Morrow said he has been thinking about that since Team Canada held its orientation camp in August.
Yet, there was no guarantee Morrow would actually be named in December to the Olympic roster.
He is a size-medium grinder on a team full of XL offensive gazelles.
And if there were a leaderboard for second-guessed selections, Morrow would have been the clubhouse leader coming to Vancouver.
After a mid-career outburst that saw Morrow score nearly a point per game for more than a year, his 2008-09 season ended with a torn ACL ligament 15 months ago. The injury must have extended internally to his hands, because when Morrow came back this season his scoring touch had hardened.
He had 33 points in 56 games before the Olympics. Even as a role player, someone who would provide some sandpaper and menace on the fourth line, Morrow could have been bypassed in favour of Shane Doan or Ryan Smyth or Alex Burrows.
It seemed even Team Canada's staff may have been wondering about their choice when the tournament opened as Morrow was one of four players "pooled" on the fourth line. But he played his way up almost immediately.
He is on a line with NHL rivals Ryan Getzlaf and Corey Perry, nasty players who are probably among that group Morrow ordinarily doesn't care much for, and the unit's presence has been felt most shifts.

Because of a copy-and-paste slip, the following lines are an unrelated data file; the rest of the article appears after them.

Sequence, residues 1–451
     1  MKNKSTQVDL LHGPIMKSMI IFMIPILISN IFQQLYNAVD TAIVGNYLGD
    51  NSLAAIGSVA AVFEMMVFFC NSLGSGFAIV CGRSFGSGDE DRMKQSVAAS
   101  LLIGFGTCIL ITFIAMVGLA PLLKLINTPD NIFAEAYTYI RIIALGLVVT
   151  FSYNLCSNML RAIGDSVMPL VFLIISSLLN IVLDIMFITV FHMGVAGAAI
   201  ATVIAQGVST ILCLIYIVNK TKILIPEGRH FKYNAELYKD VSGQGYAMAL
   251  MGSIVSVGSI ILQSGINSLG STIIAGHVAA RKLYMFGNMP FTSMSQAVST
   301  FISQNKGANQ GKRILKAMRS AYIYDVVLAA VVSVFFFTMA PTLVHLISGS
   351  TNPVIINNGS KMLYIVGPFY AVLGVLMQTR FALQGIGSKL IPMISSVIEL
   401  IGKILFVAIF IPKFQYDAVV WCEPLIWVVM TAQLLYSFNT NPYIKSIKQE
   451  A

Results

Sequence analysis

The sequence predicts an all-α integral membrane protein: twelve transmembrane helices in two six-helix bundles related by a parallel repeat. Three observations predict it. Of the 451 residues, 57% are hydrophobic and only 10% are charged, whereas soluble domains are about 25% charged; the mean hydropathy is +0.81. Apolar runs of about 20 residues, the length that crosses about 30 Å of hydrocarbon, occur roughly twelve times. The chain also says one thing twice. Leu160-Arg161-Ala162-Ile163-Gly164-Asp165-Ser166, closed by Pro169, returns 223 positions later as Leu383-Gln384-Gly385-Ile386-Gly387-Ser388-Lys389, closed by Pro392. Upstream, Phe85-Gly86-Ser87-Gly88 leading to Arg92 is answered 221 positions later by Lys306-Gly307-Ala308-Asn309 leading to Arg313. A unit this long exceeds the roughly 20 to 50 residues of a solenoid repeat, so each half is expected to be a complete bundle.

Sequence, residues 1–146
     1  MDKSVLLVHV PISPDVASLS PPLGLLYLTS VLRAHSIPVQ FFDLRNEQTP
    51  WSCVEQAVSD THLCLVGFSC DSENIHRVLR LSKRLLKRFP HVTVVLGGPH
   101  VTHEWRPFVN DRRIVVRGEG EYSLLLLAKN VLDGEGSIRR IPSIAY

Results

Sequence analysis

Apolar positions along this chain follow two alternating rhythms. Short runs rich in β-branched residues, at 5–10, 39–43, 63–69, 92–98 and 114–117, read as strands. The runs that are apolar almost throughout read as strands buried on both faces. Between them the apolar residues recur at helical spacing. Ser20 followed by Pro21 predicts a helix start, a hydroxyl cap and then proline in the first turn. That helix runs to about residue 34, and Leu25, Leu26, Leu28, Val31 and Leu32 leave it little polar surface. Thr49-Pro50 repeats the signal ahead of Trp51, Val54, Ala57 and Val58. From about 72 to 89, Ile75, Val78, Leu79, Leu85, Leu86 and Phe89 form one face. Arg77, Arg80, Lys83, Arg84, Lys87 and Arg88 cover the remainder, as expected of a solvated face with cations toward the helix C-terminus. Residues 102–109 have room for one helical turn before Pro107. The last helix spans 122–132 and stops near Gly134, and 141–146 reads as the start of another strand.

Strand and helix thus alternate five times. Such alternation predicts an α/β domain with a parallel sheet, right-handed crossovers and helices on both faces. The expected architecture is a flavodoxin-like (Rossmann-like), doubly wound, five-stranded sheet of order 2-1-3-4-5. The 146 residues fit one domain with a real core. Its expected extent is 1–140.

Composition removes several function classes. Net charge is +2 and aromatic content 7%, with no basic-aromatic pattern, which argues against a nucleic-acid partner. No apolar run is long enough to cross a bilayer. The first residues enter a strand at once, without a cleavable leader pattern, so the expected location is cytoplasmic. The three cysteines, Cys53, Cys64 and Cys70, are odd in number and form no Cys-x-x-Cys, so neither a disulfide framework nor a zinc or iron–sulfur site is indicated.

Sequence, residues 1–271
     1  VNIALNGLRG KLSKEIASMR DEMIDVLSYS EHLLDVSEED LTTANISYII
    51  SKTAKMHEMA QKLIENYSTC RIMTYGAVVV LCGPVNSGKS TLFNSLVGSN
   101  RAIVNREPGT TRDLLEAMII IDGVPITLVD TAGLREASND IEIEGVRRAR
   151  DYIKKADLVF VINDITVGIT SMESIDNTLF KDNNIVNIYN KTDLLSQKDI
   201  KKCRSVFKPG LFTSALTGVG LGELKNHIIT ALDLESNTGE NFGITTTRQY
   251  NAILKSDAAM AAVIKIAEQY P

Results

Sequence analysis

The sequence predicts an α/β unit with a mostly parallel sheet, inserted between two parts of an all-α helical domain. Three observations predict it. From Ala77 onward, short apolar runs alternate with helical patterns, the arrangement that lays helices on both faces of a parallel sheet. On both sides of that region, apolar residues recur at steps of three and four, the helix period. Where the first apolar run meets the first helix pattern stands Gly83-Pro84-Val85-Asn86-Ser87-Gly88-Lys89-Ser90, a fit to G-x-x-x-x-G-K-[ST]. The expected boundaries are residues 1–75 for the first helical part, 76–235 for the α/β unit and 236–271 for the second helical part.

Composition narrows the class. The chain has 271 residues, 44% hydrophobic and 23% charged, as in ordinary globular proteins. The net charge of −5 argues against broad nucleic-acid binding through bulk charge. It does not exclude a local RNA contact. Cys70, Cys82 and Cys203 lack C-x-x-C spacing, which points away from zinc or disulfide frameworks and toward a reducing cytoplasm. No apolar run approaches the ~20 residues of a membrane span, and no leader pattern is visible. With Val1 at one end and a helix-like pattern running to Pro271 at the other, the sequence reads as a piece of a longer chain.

"In years past, it's kind of been the same thing: get on the team, grind it out and earn everything I get," Morrow said. "That's been the case here, too. The work comes first. I think anyone who comes here, you wouldn't be here if you didn't want a bigger [role]. Our line has battled hard. We've been strong on pucks down low. That's been the key to our line's success: our strength on pucks. I think we've gained a little bit of trust from the coach and we're getting rewarded for it."
It feels extremely wierd pulling for a team where Brenden was on the other side. I have loved watching him grow up and reaching many of his dreams. I have also loved that he has been honest as a man when it comes to saying what matters most to him. And at or near the very top of the list is winning a gold medal while representing his country.
So, to see him skating around hitting everyone in his way, digging the puck out, and going to the net let me know that he is still that guy. His knee is better, and he is back and ready to wreck what is in his way.
This should make the Stars very excited about the stretch drive. He is newly determined and finally back to 100%. Now, with a gold medal, I wonder if he is ready to get back to the work at hand - getting the Stars to the next level, too.
I was stunned and disappointed to see Sidney Crosby score with a goal that personified "sudden death". I wasn't even close to happy about how my country came up an inch or two short. But, I must admit that seeing Brenden Morrow so happy gave me a small level of consolation.
Someday, if he is skating a Cup in Dallas, I imagine I will feel even better about seeing him celebrate.
What a tournament. What a sport.
And now, we return you to your regularly scheduled NHL season....